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Institutional Corruption: Who is Truly Accountable?

As time passes, many institutions have formed. For a formal definition, an institution is any building referred to with having a sort of organization and a certain purpose on which it is established. The purpose can essentially be anything: religious, social, or even education. But the reason behind the building alone cannot be sufficient; it is the hierarchy in the institution that matters the most. But what happens when the hierarchy is not performing its duties honestly?

As mentioned, a hierarchal structure is important for operating and providing any service, and therefore a problem in structure results in the fall of the building, per se. Now, it is not necessary that the issue be deliberate; it can also occur by co-incidence. However, how many coincidences does it take to gauge it as dishonesty, or corruption?

Corruption may seem like a strong word at first, nevertheless, it is present in most areas. It is also a broad term applicable to a lot of things, however in this conversation the scope is limited to academic and administrative corruption, particularly around educational institutions.

True to its negative connotation, corruption can be defined as anything involving dishonesty that escalates to harming others. Take the example of a school where children are supposed to receive quality education regardless of cost. While funds received by the admin should go into improving the school infrastructurally and internally, if the administration is not directing cash flows where they are supposed to be, it will result in a decline. Students will not study up to the mark, teachers will be underpaid and thus unwilling to teacher due to financial constraints, and the overall image of the institution will decline.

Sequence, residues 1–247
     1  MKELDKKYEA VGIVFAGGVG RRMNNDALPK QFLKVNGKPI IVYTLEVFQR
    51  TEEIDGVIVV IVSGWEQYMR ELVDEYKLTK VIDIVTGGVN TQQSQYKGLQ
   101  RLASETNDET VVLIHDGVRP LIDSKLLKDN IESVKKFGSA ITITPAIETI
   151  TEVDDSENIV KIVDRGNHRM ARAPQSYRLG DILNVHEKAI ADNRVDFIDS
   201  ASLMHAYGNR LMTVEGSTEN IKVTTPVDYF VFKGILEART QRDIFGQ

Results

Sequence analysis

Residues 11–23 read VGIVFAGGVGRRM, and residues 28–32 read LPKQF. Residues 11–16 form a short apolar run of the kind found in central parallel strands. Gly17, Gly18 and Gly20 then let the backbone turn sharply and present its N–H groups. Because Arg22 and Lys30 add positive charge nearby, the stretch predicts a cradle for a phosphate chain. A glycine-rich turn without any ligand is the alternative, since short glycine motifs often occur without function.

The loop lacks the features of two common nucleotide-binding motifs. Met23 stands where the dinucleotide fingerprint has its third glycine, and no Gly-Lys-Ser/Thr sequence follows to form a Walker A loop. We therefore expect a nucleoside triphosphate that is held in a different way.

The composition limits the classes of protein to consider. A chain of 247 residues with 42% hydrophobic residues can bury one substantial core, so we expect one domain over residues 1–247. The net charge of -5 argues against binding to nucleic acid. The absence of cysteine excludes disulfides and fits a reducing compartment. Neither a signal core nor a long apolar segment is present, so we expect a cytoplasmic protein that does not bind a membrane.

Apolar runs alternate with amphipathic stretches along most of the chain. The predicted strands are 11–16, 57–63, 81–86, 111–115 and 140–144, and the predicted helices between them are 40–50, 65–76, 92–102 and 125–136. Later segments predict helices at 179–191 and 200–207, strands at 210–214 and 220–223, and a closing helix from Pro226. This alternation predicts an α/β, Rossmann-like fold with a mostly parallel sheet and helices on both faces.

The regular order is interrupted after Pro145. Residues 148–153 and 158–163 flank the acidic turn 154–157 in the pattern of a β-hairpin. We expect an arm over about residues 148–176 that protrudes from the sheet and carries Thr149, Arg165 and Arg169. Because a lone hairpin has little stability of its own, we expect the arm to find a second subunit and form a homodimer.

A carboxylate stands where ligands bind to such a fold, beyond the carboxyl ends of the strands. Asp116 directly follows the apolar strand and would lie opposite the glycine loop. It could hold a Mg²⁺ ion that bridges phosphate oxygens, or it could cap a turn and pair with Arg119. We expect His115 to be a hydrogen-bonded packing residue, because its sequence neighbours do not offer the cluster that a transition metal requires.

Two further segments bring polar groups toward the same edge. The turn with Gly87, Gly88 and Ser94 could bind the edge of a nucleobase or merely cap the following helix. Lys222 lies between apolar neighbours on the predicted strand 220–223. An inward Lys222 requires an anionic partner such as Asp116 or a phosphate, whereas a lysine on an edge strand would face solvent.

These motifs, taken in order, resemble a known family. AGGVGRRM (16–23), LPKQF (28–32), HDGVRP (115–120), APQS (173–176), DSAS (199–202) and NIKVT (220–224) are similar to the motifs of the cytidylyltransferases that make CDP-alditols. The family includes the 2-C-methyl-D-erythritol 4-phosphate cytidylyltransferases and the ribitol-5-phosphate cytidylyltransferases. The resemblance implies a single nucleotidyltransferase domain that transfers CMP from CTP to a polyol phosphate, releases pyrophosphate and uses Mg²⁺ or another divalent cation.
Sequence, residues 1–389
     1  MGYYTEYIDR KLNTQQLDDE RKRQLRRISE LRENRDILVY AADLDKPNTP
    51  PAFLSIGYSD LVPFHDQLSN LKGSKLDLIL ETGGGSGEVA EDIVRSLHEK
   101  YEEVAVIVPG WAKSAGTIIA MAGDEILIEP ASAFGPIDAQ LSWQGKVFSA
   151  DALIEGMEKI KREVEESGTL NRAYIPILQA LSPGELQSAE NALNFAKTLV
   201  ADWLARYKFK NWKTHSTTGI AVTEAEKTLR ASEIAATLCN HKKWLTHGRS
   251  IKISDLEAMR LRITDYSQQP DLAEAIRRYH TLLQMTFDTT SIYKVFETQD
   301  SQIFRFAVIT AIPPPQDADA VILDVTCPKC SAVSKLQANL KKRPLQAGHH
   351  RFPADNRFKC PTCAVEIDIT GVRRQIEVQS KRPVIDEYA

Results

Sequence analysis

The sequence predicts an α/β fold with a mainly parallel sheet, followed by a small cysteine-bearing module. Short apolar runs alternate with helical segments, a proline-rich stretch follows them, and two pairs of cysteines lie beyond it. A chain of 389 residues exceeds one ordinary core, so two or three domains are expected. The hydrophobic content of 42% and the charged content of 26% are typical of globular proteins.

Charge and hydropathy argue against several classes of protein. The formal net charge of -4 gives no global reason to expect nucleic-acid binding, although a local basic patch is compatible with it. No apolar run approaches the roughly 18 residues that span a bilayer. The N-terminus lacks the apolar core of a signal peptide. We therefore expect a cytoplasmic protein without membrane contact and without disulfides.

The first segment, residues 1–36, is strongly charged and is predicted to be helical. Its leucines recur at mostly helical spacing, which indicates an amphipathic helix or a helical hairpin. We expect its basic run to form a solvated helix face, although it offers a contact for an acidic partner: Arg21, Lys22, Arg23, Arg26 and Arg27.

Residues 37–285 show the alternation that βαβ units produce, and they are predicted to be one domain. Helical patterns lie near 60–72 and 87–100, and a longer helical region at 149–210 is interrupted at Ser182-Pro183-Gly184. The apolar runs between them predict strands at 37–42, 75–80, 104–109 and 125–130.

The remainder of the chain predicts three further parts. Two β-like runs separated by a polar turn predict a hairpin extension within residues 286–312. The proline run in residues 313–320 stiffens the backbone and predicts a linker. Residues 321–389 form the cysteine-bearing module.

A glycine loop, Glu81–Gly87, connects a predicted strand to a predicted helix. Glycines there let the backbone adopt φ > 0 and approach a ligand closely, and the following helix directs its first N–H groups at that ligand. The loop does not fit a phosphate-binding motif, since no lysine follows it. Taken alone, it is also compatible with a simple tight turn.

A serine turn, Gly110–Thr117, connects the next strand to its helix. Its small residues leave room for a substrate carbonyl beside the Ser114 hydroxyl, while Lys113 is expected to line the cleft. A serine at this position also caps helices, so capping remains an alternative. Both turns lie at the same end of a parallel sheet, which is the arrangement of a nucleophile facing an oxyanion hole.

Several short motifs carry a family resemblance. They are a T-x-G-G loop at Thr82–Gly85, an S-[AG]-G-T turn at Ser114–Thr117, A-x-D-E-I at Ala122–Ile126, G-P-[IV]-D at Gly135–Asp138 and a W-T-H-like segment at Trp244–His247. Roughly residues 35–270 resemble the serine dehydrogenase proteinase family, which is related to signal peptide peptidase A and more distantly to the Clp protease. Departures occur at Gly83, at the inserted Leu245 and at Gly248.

Another issue with corruption is locating the root cause. Is it the upper hierarchy, the teachers, or is it the janitorial staff that is preventing progress? Moreover, how do we hold such people accountable? Perhaps it is easier to hold people lower in the pyramid than at the top, but what happens when corruption occurs at the highest level? Do we contact another authority, like the government? Who is accountable for dishonesty?

The answer in my opinion is that everyone is answerable for corruption. To eliminate corruption from lets say a school administration, it is not only the responsibility of the government to hold them accountable but students, teachers and even parents can voice their concerns over institutional dishonesty.

It is arguable that perhaps the latter do not hold any concrete power over the former, however that should not mean corruption cannot be checked. People can complain to the government, who can then either take action directly or form a separate body that holds such people accountable, like NAB, the National Accountability Bureau, in Pakistan. Perhaps the judiciary can hold corrupt people accountable with ease, however given the conditions of the country, nothing is certain that such executions will occur.